Engage early, often, and in creative ways to establish a continuous dialogue within the community. A proactive approach to engagement is key. The first time community members hear about a bike project should not be when it is about to be implemented. Embrace engagement methods like Open Streets events, inclusive community rides, canvassing teams, and field ambassadors that attend community events to meet people where they are instead of expecting them to come to you. This approach demonstrates a commitment to inclusivity and enhances the effectiveness of your engagement strategies by reaching a broader audience.

Check out 5 Ways to Boost Community Engagement in Bike Advocacy.

Make sure your meetings are accessible. Are your meetings held in locations and at times that accommodate all individuals, making them feel welcome and capable of attending? Have you thought about child care, food, translation services, and wheelchair access? Ensuring inclusivity in the logistical aspects of your engagement efforts is a fundamental step toward fostering more diverse and representative participation.


Develop a diverse, inclusive coalition. In building a coalition, it's crucial to consider the composition of your group. Take a moment to reflect on whether your coalition primarily consists of confident "avid cyclists" or if it includes a diverse representation of casual riders, women, people of all ages, and individuals reflecting the broader demographic spectrum of your city. If the latter is not the case, your local advocacy group may need to work towards being more inclusive to address your community's varied needs and garner broader support. 

Effective advocacy coalitions also collaborate with voices outside of bike advocacy. Pedestrian advocacy groups, public transportation advocacy groups, youth groups, climate justice advocates, and even allies from places like the skateboarding community can all be valuable partners. For local advocacy organizations to grow and thrive, embracing diverse perspectives, even from those who may not currently engage in biking, is essential. By finding common ground and fostering a coalition that spans a range of interests, you can create a more robust movement advocating for improved recreational and transportation opportunities accessible to all.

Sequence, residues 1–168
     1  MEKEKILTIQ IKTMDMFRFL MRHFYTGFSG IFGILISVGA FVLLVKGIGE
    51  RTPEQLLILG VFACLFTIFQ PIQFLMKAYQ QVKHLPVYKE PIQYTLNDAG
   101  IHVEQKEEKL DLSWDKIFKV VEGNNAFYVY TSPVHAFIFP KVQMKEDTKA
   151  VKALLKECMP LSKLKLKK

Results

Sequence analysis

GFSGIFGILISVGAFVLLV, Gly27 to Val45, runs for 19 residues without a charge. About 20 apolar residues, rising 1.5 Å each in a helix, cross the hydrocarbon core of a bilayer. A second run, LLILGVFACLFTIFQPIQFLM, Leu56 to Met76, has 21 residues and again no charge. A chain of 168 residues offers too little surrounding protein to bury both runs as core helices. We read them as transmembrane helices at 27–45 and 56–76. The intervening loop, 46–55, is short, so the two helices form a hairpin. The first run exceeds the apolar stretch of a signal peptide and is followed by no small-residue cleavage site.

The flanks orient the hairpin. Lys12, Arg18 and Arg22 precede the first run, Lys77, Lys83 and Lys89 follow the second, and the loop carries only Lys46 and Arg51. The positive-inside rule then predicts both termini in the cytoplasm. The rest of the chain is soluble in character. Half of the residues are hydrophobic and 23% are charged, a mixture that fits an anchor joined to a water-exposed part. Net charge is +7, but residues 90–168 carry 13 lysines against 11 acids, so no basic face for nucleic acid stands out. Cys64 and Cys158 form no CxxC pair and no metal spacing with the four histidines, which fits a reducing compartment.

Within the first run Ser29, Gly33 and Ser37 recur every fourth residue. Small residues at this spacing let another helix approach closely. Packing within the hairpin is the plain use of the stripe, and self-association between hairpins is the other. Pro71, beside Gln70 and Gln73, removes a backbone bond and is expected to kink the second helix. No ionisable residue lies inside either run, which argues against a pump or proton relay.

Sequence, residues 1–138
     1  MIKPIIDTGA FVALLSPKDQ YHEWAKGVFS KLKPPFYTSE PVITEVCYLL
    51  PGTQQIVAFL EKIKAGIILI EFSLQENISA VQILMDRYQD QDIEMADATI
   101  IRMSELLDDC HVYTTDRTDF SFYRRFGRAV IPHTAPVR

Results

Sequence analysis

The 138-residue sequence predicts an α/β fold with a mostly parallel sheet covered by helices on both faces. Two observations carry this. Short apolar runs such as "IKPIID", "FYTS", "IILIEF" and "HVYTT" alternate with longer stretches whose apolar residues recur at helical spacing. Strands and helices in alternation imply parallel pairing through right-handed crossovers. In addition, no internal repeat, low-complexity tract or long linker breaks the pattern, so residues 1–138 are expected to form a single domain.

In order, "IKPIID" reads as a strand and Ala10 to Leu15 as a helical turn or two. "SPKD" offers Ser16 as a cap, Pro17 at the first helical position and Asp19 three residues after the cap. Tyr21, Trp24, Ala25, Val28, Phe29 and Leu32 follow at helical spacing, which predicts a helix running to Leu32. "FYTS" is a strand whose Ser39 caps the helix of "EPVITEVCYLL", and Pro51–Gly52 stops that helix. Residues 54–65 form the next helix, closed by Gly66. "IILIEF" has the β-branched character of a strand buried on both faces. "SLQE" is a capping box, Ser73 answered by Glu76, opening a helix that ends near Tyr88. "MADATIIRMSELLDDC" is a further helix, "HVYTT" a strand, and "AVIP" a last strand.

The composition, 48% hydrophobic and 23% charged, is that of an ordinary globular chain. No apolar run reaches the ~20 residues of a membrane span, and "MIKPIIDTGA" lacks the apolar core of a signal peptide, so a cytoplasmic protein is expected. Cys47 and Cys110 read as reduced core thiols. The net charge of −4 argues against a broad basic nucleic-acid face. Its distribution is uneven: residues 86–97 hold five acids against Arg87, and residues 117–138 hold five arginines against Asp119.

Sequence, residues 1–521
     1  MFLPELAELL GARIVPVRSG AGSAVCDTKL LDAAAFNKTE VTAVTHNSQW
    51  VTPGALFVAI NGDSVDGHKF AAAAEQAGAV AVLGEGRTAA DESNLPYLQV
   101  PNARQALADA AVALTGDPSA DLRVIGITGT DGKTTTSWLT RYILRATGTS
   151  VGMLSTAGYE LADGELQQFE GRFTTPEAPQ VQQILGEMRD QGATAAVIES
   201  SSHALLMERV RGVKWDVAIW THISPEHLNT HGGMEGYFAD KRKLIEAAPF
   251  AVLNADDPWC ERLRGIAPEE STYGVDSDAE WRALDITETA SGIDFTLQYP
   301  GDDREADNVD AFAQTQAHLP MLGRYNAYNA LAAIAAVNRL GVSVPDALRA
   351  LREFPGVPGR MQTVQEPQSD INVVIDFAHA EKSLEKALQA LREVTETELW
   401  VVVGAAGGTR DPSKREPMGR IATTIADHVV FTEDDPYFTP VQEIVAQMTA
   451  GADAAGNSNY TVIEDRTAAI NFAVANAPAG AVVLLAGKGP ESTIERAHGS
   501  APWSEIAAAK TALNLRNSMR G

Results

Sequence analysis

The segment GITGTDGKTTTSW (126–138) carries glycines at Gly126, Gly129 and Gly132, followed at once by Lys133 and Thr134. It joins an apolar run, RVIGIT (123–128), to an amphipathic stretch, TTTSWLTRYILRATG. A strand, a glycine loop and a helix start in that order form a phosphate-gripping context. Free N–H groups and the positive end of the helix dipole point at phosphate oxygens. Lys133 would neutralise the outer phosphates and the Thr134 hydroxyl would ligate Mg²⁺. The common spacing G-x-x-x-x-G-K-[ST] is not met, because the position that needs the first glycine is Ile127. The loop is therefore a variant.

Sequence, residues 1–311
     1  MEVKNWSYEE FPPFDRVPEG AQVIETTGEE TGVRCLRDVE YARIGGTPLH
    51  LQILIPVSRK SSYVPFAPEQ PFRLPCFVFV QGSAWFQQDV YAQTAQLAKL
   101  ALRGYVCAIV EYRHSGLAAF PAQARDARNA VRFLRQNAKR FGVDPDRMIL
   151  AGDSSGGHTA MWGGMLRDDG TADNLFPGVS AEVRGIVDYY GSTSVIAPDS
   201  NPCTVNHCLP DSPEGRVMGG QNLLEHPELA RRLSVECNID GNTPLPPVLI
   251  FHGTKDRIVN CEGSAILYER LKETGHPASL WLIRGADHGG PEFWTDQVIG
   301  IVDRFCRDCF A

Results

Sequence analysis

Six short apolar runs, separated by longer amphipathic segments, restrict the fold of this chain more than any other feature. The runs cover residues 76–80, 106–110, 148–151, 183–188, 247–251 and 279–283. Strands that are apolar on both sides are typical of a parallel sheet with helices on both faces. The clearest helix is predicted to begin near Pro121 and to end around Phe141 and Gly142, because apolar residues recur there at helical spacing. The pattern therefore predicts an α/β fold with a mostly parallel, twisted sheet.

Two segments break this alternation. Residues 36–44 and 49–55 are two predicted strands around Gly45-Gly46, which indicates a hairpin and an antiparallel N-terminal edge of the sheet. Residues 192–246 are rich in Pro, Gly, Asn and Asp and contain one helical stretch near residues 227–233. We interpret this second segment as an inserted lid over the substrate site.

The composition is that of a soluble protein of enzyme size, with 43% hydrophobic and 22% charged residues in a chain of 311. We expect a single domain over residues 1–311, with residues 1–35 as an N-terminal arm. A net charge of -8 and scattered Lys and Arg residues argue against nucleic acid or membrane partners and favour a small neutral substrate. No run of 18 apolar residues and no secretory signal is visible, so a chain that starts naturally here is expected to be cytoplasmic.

Adopt an inclusive approach to road safety. While making our streets safe is a top priority, relying solely on enforcement doesn’t address people’s varied experiences with law enforcement. Advocates have the opportunity to push for an environment where biking is safe and accessible for everyone — including people of all ages, abilities, incomes, and backgrounds. An inclusive approach to road safety considers the various factors that contribute to a person's experience, fostering a biking culture that is welcoming and accommodating to everyone in the community.

Work with community members to ensure infrastructure investments are done in an equitable way across all neighborhoods. To achieve this, it's essential to identify the locations where your community has already constructed bike projects as well as areas that have suffered negative impacts from highways and unsafe pedestrian infrastructure. If neighborhoods have experienced exclusion or bike projects have mainly been built in affluent areas, it's imperative to actively work toward creating an equitable distribution of investments. This may involve reevaluating project locations in collaboration with local community members from impacted areas and advocating for more resources in historically underserved areas to understand and rectify those decisions' negative impacts on the community. 

USDOT’s Reconnecting Communities Program funds projects in disadvantaged communities that enhance access to employment, education, healthcare, food, and recreation; promote equitable development; and reconnect neighborhoods by removing or mitigating the impacts of highways or other transportation facilities that previously created social and physical barriers. 

You can utilize USDOT guidance to understand what neighborhoods are considered disadvantaged in your area.